Softcover. A collection of more than 350 Straight Edge Hardcore Zines mainly from the United States, but also a number from Europe, United Kingdom, and Australia, published in the mid-1990s to the mid-2000s. This collection comes from the files of Matt Wobensmith, founder of the *Outpunk* fanzine and the likewise named Outpunk record label, the first entirely devoted to queer punk music (queercore). The majority of the zines are octavos and quartos with stapled wrapper and photocopied pages, though scattered throughout are some folio-sized newsprint and semi-professional zines. Overall near fine with typical wear from mail and general edgewear, including tears, nicks and rubbing.
Zines were already well-established in the punk movement of the 1970s when the more aggressive sound of hardcore emerged in the 1980s and straight edge splintered that already underground moment. Although already established with bands like Minor Threat (DC) and Cro-Mags (NYC), straight edge hardcore celebrated clean living and vilified overly excessive lifestyle choices. Not only were many people involved in the straight edge scene anti-drug and alcohol consumption, a large number became interested in vegan lifestyles, radical environmental consciousness, and anarchist or leftist political opinions. The music stemming from the straight edge scene identified with punk, but used their bands, such as Government Issue, Youth of Day, Gorilla Biscuits, Judge, Civ, and Uniform Choice, as political platforms to espouse their personal messages.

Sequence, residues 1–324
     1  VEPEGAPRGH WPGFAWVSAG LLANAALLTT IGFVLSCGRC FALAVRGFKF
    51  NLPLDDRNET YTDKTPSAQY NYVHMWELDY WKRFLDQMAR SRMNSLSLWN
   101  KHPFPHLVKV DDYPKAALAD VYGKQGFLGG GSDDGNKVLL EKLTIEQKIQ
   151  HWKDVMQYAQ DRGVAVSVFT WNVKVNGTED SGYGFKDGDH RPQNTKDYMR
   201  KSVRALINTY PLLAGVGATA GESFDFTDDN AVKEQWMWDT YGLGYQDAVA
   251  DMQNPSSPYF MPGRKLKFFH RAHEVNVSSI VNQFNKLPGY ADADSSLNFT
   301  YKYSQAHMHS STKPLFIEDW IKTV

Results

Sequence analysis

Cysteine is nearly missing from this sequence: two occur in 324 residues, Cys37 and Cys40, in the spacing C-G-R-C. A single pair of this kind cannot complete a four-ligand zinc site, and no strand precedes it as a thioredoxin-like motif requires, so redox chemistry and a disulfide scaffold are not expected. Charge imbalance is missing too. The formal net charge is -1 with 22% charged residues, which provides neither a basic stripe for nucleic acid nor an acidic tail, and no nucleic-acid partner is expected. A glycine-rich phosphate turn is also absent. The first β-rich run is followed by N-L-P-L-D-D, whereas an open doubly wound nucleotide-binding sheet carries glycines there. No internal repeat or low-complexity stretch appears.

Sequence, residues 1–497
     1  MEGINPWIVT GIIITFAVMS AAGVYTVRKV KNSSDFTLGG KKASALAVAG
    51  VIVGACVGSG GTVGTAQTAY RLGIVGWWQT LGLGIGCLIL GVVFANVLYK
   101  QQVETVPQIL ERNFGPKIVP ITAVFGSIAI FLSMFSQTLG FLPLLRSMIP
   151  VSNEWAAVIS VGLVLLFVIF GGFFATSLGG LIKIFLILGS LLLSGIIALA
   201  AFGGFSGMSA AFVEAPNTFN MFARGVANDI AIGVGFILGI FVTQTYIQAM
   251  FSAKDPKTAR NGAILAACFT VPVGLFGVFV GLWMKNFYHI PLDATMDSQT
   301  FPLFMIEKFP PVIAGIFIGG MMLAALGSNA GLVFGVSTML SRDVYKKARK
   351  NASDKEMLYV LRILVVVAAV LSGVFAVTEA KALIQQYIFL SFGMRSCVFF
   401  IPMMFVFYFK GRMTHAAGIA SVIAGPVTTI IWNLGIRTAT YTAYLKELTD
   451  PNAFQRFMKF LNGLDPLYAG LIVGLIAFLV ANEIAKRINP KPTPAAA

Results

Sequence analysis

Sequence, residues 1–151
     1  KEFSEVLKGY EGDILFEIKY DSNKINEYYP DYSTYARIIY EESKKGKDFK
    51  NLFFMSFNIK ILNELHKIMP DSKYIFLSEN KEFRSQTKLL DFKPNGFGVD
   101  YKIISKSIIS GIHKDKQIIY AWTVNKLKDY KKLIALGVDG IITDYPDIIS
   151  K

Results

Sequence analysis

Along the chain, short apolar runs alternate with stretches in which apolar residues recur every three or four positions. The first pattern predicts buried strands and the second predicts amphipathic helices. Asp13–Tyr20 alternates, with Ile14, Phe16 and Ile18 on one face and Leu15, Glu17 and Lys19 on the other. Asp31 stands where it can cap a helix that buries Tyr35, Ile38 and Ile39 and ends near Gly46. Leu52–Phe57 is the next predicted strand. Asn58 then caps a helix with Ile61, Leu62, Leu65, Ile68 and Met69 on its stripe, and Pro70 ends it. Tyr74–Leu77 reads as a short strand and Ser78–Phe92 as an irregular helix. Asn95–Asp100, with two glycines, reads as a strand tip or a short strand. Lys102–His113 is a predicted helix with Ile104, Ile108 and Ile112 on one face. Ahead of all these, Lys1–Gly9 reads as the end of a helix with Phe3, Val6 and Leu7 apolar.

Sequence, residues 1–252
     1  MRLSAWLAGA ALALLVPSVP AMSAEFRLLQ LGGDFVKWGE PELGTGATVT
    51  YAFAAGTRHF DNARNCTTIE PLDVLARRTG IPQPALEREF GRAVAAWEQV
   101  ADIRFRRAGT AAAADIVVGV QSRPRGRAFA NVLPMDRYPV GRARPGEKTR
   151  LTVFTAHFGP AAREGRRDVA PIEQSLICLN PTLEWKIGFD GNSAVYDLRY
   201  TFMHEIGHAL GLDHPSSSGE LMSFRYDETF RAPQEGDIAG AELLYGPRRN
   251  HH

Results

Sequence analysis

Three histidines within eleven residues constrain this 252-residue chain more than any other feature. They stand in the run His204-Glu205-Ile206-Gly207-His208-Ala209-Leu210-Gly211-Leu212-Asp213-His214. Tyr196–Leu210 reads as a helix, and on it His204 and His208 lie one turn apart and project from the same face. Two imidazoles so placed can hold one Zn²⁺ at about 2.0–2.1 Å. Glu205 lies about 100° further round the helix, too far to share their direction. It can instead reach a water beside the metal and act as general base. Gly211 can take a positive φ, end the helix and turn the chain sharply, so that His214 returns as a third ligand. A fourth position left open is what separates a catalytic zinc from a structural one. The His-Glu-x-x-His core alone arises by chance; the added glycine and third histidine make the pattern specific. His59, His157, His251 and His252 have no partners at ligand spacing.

Like most zines, straight edge publications were typically self-published and photocopied, with contents that ranged from interviews with straight edge bands to discussions of lifestyles and furthering the “edge” cause. These included promoting militant animal rights and activism, pacifism, synthesized leftist social justice politics, by any means necessary, or direct action. For some hardline straight edge individuals meant resorted to violence against anyone who consumed alcohol, engaged in premarital sex, and opposed deep green ecology views. Bands representing a hardline edge included Earth Crisis, Vegan Reich, and Raid with many members of bands and fans drawing or tattooing XXX on their hands to identify themselves as edge, which is still considered a symbol of the movement to date. While the scene remained marginalized within the punk subculture, the participants were overwhelmingly white and male, with internalized rage and branded masculinity.
An interesting collection of material from a punk subculture that presaged many of the modern trends toward more extreme forms of veganism, environmental consciousness, and anti-corporate activism.